We hold these truths to be self-evident, that all men are created equal, that they are endowed by their Creator with certain unalienable Rights . . . .
We repeat these great words as though we believe them, and most of us probably think we do, as long as we don’t have to explain what we mean by them, including what we do not mean by them. Like justice, equality is a noble concept, a grand idea, a truth more easily held as ideal than applied to life’s choices. Just how radical and how difficult a thought equality becomes when taken seriously enough to influence our choices and challenge our prejudices may not occur to us.
Needless to say, all people are not equal in wealth, education, measured intelligence, influence, or social standing. In the United States, we like to perpetuate the fantasy of equal opportunity, even as powerful forces in American society do their best to make sure it never becomes the nation’s reality. Indeed, those who feel themselves entitled to superiority and who enjoy far greater privilege than most Americans are the very ones who insist most loudly and steadfastly that opportunity and only opportunity should be equal for all Americans. Make it if you can, but don’t expect help! Thereby, we perpetuate the delusion that people get what they earn and no more or less than they deserve, even as those with influence make sure hard work does not pay off for most of the disadvantaged and there is never a level playing field of opportunity.
In what sense, then, are all people equal? Since equal opportunity is a lie, does any truth remain to the profession of equality among human beings?
I was taught to believe that people are all of equal worth – not worthiness, but worth, value. Human societies, of course, have not accepted this idea but, rather, have structured themselves upon the belief that human beings are of decidedly and measurably unequal worth. Hence, even in the land of one person, one vote (when it’s not suppressed), we have always had the lessers and the greaters, the “common people” and the aristocrats. These days, we even have an educational concept, however unworthy of the name, called “value added” – added, that is, to our children! Do parents realize their children can come home from school more valuable than when they left the house? Valuable to whom, and by what measure? The answer is that they are being trained to be of more use to the masters of the world of business and commerce whose measurements for our children are being standardized. In the face of rampant standardization, constant competition, and ceaseless faulty measurements, how can we maintain that all people are of equal worth?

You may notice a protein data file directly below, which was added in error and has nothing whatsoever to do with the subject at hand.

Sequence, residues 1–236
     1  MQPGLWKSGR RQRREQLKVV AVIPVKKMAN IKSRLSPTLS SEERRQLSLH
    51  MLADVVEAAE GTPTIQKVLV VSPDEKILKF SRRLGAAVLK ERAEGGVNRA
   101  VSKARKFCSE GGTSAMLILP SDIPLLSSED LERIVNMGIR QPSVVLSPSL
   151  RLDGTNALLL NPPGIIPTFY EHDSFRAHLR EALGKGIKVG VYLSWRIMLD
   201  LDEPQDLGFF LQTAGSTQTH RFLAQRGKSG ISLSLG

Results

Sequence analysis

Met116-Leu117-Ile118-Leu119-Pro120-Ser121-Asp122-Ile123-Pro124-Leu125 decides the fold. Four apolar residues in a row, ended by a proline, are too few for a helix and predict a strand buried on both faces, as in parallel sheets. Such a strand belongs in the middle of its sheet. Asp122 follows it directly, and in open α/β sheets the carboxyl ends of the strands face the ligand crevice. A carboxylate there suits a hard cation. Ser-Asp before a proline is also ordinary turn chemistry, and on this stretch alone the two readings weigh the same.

Parents already know the answer. One of their sons or daughters may be better at this or that, maybe even more successful at life overall, but none is of greater worth than another. Why not? The system of valuation is relational not competitive, and the measure is love. Which child is loved more? That question is easy to answer: the one in more immediate need of the love receives it more intensely at the time. None is truly loved more. It’s just that the need of one or the other is more pressing at the moment.
In the biblical view, human life is relational, and the truth of God is relational, also. There is no such thing as “value added” to a person. There can be growth, development, improvement, forgiveness, and even redemption, but not value added. But the biblical view goes further. According to the Bible, starting with the book of Exodus, God does not simply declare equality an ideal but deliberately takes up the cause of the very lowest of human beings: slaves. The Creator of the universe enters the stage of human history as the God of slaves, thereby turning our human notions of relative worth upside down. So, it is that “the first will be last and the last first.”
I have much more to consider on the topics of equality and justice and on their relation to each other. Is justice proportional – that is, are some entitled to more in life because of the accidents of their birth (to some sort of aristocracy) or their exploitation of their advantages (financial success)? Or should there be such a thing as equal justice? Further, is justice retributive (punishing) or restorative? What does it mean to love justice?
“. . . with liberty and justice for all.” The words sound noble and eminently fair. What do we mean by them, and what do we steadfastly not mean by them?